Documents from the South: An encounter between documenta 14 and Kassel Dokfest:
Megara
by Yorgos Tsemberopoulos and Sakis Maniatis
Nov
19
1:30 pm
Kleines Bali, Kassel

Megara (1974) by Yorgos Tsemberopoulos and Sakis Maniatis represents a turning point in the last phase of the military dictatorship in Greece (1967–74), both as a cinematic achievement and with respect to the events it deals with. The year is 1973. Megara is about the fight of a village by the same name against the confiscation of farm land by the state and its clearing by a private investor. The trigger for the villagers' outrage was the destruction of an ancient olive orchard, and their revolt soon developed into the first mass protests against the military junta.

Greek with English subtitles.

With an introduction by Angela Melitopoulos.


Documents from the South: An encounter between documenta 14 and Kassel Dokfest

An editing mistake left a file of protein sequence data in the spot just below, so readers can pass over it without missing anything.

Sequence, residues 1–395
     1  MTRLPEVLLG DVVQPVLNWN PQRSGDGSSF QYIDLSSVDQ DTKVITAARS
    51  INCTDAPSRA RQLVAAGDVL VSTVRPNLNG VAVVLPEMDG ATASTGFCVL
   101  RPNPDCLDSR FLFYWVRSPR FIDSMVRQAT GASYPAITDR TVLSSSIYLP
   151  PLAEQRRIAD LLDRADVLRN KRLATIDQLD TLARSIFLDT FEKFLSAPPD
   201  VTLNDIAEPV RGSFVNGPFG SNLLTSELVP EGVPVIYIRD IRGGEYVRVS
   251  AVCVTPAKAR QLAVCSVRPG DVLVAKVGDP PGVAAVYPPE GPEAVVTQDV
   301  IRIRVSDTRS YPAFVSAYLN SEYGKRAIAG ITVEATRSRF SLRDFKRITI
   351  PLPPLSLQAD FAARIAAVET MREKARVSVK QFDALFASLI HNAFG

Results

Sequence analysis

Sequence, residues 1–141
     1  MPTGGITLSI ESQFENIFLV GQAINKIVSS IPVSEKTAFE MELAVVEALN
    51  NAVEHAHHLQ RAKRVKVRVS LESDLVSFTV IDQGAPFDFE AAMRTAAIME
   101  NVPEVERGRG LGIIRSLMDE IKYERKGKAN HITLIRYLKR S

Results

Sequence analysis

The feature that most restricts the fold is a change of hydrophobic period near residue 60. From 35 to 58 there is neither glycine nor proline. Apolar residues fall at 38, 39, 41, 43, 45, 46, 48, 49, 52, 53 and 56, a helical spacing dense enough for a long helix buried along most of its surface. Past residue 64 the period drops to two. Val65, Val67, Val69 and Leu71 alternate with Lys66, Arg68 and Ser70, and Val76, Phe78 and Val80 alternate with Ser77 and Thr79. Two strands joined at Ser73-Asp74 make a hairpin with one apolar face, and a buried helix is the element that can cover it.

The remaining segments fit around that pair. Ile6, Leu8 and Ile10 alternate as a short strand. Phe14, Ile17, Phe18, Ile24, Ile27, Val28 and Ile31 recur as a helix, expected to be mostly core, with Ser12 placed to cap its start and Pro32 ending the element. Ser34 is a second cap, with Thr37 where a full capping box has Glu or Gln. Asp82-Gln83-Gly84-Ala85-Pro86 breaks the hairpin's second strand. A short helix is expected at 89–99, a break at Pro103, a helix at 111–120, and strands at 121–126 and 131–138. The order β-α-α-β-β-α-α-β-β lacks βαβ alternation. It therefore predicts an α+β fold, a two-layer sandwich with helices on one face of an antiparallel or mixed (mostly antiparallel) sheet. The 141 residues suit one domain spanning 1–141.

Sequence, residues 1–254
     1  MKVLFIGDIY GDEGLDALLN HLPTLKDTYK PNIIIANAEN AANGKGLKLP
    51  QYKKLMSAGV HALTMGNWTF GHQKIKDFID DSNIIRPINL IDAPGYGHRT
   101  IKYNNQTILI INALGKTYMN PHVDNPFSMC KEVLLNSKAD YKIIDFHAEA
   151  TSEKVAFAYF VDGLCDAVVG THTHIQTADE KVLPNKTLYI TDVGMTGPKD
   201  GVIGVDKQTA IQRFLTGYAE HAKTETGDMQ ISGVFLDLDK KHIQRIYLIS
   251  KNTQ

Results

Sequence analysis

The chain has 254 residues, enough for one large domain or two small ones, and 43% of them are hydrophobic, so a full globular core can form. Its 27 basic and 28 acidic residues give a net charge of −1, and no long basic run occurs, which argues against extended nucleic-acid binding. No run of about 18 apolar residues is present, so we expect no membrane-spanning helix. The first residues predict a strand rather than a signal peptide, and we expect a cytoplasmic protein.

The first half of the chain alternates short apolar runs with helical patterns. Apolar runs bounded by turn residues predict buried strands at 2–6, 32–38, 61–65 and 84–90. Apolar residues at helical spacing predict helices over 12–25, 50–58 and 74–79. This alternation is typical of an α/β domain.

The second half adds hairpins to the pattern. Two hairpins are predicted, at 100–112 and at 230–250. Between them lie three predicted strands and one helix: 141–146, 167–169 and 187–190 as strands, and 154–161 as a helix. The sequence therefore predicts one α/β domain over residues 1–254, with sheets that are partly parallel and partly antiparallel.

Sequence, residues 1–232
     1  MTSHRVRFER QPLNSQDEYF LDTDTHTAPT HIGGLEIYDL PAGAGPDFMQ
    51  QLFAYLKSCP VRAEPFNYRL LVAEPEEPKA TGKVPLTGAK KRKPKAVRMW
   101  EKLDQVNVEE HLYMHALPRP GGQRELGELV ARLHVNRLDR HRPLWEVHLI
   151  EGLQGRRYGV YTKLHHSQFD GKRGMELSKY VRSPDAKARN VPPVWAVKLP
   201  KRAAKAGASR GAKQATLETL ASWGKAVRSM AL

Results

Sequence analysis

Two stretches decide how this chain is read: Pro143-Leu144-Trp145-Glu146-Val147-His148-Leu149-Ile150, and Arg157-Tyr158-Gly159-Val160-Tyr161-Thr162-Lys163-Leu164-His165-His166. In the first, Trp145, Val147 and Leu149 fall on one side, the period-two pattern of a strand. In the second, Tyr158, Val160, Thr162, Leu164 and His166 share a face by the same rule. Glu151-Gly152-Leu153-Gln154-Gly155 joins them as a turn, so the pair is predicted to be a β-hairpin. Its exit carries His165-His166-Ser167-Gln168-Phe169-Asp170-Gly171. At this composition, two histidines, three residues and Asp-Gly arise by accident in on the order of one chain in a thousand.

documenta 14 is hosting the program Documents from the South as part of the Kassel Dokfest. On November 18 and 19, Angela Melitopoulos and Manthia Diawara will each present two program sessions, including screenings of their own films as well as works by other filmmakers. In the films and in conversations following the screenings, the artists discuss what documents from the South could look like and which stories they tell.

Documents from the South takes its cue from the title of the magazine South as a State of Mind, which is published during the years of work preceding the exhibition of documenta 14 and helps define and frame its concerns and aims. “South” is no longer understood as a geographical orientation, but refers to a culturally and historically produced location charged with psychological and political meaning.

Two documenta 14 artists discuss these concerns in relation to their own work with the Dokfest audience: Angela Melitopoulos, in whose films and video installations different phases, ruptures, and mobilities between Germany and Greece play an important role; and filmmaker and writer Manthia Diawara whose films and books have shaped and expressed the critical self-assertion of the African diaspora since the early 1990s.